shift in thinking

After a 2 hour sleep yesterday morning I got up feeling tons better. Sleep was definitely a good idea. Then in the afternoon I worked on Coward’s book. As I said yesterday the third edition has a preface that reviews the historiography of the period, focusing on work produced between 1994 and 2003 (between the second and third editions), which is very very interesting and useful. I’m still only part way through it, but it is so useful that I’m making intensive notes, and listing a lot of secondary works that will be useful to check out.

One thing that has come about as a result of this reading is realising that the terms ‘revisionist’ and ‘post-revisionist’ aren’t quite what I thought they were. I had always understood them within the context of Reformation history as pertains to the Tudor period, where traditional ideas said that the reformation was inevitable, the catholic church was corrupt and no longer useful for the people, who welcomed it with open arms, became happy protestants and never looked back. Revisionist historians said, hang on a sec, the church wasn’t wholly corrupt and useless, many people actually didn’t want the reformation, they liked their smells and bells, and the reformation was an enforced process. Post-revisionists have gone, well, hang on a sec, yes, revisionists, you have a point, but traditionalists do too, and maybe we need to be thinking in other terms than just ‘top down’/’bottom up’, its all a lot more complex than THAT. I’m simplifying, but you get the point. I understood the terms purely within the context of Reformation history, and that they were only ever used that way.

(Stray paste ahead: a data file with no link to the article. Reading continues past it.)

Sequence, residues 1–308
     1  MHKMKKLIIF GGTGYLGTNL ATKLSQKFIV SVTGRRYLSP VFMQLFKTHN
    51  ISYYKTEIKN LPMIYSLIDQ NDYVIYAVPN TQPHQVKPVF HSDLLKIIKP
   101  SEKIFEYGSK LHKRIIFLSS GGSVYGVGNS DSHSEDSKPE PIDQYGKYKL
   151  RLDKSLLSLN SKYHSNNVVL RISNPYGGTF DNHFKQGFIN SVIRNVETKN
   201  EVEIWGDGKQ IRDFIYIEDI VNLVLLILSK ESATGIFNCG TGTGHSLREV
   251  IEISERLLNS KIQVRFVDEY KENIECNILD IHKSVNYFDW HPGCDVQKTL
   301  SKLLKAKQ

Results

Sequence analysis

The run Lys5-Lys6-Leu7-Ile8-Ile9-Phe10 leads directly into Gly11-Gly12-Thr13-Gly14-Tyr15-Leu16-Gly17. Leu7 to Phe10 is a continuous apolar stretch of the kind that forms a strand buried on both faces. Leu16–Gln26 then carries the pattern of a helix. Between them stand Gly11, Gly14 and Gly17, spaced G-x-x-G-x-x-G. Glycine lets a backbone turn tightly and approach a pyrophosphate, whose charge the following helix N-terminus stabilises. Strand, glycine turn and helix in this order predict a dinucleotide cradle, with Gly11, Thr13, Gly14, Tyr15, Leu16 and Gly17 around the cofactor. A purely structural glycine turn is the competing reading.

Coward’s work has shown conclusively that that .. well.. ain’t so. The terms revisionist and post-revisionist have much wider application than just Reformation history. I feel a bit embarrassed that I’ve reached Masters level and not realised this! Still, better late than never. The different ways of seeing history are clearly important, being able to define them and historians writing from the different perspectives clearly is a key skill, I think, and particularly important in any review that you do of the existing literature. Although we’re solidly in post-revisionist territory now, the bigger question becomes… what next?

More than that though, the preface has given me something of an example of what it is I need to do for the proposal: to examine the literature, analyse it and the various perspectives that different historians have written on, and find a gap. Just saying “this kind of study ain’t been done on Herefordshire” isn’t enough. Quite frankly, its been done in a number of places already – so what makes us think that Herefordshire will present different results to Warwickshire, Wiltshire – the places where they’ve already been done? What will Herefordshire show that the other places haven’t? What relevance does it have for the modern world?

That’s the job I have to do in the next few months …. tough ask!

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